Our history

History of Achieve Australia

In 1951 a group of visionary parents wanted a better future for their children with intellectual disability than confining them to institutions so typical of the day. They established the Subnormal Children’s Welfare Association (SCWA) to pioneer housing and accommodation and related services and provide their children with more opportunities to live meaningful lives.

In 1952 Crowle Home for boys and girls with intellectual disability was built on land in Ryde donated by Mr C. Crowle. In 1954 a school was added, which flourished for 26 years.  

The Achieve Australia of today continues to honour the legacy of our founders by striving to bring inclusion to life every day for the people we support. Below are just a few of the many milestones on our journey.

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1950s -1960s

Forging a new path for housing, education, and jobs

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1970s – 1990s

Strengthening bonds with the community

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Elevating voices through partnering and innovation

Our inclusion journey



Crowle Home at Ryde is set up to provide accommodation for girls and boys and a school is added. Mount Own Residential opens in Hornsby as a place for teenage girls and women with intellectual disability. Residents include a lovely young woman, Beris. In 2021, Achieve held a 90th birthday party for Beris who we still support.


We become one of the first organisations to provide housing for people with disability set within the community. New services are also introduced including higher education and employment.


Achieve parents Don and Jo McKerrell start an annual fundraising fabric and needlecraft sale at Crowle Home. The annual event is such a huge hit it eventually becomes 3 stores and warehouse providing supported employment now known as The Sewing Basket. In 1993, the Crowle Home Branch and Hornsby Challenge amalgamate under the Hornsby Challenge name.


Hornsby Challenge was renamed the Achieve Foundation in 2007. In January 2009 the Crowle Foundation and Achieve Foundation amalgamated to become Achieve Australia. The new organisation includes a commercial enterprise, supported employment, accommodation services and day program activities. Today Achieve’s social enterprises include The Sewing Basket and AchievAble Enterprises, both provide great jobs for people with disability.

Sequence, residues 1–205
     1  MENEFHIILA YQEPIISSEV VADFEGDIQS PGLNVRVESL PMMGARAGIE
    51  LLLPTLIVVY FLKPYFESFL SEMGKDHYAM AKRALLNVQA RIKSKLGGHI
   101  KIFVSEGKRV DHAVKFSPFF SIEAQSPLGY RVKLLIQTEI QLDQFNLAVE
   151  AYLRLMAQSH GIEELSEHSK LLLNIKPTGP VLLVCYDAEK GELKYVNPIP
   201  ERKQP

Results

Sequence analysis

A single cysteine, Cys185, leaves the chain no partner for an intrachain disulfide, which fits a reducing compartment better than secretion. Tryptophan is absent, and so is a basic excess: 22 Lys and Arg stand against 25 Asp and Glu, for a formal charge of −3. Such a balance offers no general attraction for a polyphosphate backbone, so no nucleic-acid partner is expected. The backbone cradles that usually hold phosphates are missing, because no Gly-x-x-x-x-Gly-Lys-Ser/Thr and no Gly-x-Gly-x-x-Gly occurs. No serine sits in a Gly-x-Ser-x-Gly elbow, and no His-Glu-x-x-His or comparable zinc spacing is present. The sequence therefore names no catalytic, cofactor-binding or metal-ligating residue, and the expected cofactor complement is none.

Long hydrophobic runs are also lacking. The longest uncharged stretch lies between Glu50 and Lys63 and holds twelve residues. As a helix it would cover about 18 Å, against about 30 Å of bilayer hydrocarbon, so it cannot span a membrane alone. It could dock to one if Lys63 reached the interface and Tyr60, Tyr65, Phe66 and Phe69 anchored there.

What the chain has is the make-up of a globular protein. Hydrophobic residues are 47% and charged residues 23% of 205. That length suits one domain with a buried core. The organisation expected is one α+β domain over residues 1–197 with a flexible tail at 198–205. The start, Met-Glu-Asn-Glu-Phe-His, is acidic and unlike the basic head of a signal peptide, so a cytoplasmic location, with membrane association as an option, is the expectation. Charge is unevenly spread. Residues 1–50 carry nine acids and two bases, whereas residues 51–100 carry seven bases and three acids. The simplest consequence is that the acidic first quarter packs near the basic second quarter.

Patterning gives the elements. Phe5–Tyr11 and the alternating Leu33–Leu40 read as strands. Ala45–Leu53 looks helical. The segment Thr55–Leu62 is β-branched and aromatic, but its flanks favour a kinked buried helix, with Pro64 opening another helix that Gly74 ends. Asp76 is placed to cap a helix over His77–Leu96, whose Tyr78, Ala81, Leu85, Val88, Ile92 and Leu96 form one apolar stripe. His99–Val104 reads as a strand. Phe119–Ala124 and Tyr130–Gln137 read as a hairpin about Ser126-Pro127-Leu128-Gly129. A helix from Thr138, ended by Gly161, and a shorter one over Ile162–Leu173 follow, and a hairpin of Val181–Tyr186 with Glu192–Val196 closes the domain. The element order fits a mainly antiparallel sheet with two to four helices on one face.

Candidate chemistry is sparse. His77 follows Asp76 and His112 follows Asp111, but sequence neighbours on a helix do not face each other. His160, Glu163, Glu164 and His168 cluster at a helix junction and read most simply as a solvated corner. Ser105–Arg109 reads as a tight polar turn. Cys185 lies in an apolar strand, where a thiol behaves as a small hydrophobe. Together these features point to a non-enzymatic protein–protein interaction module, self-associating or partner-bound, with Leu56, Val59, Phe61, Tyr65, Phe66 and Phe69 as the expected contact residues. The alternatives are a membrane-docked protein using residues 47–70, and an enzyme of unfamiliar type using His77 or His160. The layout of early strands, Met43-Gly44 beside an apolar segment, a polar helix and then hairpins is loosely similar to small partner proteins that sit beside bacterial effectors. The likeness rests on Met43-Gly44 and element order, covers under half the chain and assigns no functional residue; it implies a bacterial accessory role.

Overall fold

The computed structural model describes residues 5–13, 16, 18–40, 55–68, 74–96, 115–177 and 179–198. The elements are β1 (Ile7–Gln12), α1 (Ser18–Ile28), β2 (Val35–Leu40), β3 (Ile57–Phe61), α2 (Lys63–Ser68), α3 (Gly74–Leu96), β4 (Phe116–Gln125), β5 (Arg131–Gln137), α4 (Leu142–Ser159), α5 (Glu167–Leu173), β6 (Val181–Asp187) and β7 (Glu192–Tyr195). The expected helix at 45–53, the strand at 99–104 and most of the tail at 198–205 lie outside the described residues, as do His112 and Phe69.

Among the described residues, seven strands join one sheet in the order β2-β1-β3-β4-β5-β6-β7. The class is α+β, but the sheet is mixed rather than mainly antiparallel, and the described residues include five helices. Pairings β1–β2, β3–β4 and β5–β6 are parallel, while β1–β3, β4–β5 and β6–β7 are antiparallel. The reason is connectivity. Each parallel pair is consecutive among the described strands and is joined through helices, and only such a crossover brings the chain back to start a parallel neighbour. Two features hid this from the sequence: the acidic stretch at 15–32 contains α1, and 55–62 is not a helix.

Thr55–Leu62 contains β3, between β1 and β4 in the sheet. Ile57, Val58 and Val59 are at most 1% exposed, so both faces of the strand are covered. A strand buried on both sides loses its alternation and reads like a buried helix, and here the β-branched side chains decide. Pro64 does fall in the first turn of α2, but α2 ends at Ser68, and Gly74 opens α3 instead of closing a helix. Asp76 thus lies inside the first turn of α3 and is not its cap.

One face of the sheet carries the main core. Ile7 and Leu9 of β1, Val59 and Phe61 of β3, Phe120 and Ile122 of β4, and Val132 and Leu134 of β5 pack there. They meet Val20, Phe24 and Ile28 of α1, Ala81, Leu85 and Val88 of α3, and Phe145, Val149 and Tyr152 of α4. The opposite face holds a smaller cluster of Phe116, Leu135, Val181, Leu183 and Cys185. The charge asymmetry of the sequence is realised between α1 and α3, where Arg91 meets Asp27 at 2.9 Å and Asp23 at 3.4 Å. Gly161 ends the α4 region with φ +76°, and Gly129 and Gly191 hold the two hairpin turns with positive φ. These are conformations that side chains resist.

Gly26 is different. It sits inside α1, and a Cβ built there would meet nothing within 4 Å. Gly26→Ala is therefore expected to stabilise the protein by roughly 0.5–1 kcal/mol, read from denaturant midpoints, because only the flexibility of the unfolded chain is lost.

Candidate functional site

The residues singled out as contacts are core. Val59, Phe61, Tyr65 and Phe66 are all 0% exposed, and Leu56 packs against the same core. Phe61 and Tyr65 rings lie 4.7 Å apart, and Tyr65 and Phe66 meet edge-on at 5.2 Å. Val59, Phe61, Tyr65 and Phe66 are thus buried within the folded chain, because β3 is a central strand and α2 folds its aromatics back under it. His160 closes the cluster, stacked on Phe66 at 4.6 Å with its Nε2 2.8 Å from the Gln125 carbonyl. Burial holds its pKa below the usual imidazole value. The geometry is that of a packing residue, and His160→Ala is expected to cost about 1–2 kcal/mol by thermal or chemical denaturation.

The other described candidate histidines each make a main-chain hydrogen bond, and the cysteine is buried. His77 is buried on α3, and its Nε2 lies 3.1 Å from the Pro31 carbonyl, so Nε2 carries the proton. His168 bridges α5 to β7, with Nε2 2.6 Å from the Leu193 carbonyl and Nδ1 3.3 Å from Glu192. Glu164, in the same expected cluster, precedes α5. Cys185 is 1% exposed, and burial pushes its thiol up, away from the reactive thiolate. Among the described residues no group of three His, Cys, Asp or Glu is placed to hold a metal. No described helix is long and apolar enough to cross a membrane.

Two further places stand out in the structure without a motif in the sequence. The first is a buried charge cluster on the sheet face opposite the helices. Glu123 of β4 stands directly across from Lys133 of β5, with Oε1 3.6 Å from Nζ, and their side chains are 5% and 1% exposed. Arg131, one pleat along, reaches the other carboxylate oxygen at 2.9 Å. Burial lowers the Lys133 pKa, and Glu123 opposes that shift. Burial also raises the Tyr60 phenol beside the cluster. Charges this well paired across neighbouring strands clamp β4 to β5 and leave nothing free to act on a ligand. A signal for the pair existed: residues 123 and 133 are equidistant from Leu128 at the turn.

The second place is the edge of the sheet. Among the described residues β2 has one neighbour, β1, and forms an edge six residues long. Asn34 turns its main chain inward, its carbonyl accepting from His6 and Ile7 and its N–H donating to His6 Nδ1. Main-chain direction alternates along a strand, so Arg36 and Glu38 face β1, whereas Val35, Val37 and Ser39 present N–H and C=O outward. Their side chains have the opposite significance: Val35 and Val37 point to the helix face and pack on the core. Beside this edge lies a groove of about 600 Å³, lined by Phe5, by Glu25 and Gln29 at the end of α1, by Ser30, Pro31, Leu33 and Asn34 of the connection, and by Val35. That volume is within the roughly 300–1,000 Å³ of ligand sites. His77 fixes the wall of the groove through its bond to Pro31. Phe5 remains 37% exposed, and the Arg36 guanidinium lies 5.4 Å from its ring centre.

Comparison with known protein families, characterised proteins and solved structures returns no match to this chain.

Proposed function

2013 – 2017 

From drawing board to official opening – the Crowle Home site at Ryde is sold to a developer. The plan includes 25 platinum-level accessible apartments owned by Achieve within the private residential complex. When the Crowle Estate opens, our clients move into state-of-the art apartments with 24/7 support accessed via the NDIS.

2012 – 2020

Achieve supports the Every Australian Counts campaign for a National Disability Insurance Scheme (NDIS). Once the NDIS goes ahead, we take part in the pilot, successfully tender for services transferring from NSW Government and get our clients, families and staff ready for the full roll out and successful day-to-day operations.


A merger takes place between Achieve Australia and like-minded organisation, On Focus, in the Northern Rivers region of NSW. Achieve Australia, based in Casino, delivers Supported Independent Living and day program services to clients in the region.

2018 – 2021

We take part in pilot research about introducing the UK Quality Checkers program in Australia. The program employs people with lived experience of disability to audit services provided to people with disability. The pilot is a success, and we develop our own program, Quality Champions. By late 2021 we have hired and trained our Quality Champions team who start working with our clients to gather their feedback.


Achieve Australia and property fund developer Leftfield Social Housing set up Inclusive Housing Australia (IHA) to address the shortage of Specialist Disability Housing (SDA). The joint venture aligns with new thinking that separating accommodation from support services gives people with disability more flexibility and control when choosing accommodation and support service providers.


The Achieve Foundation is formed as a separate organisation with a bold vision of inclusion, where people with disability experience a deep sense of belonging.

The Foundation is set to dismantle barriers to inclusion using research and innovation in 2 key areas -
housing and supports – because home is where our sense of self is formed and reinforced -and community attitudes and mindsets - because ways of thinking influence who gets included and who gets left out.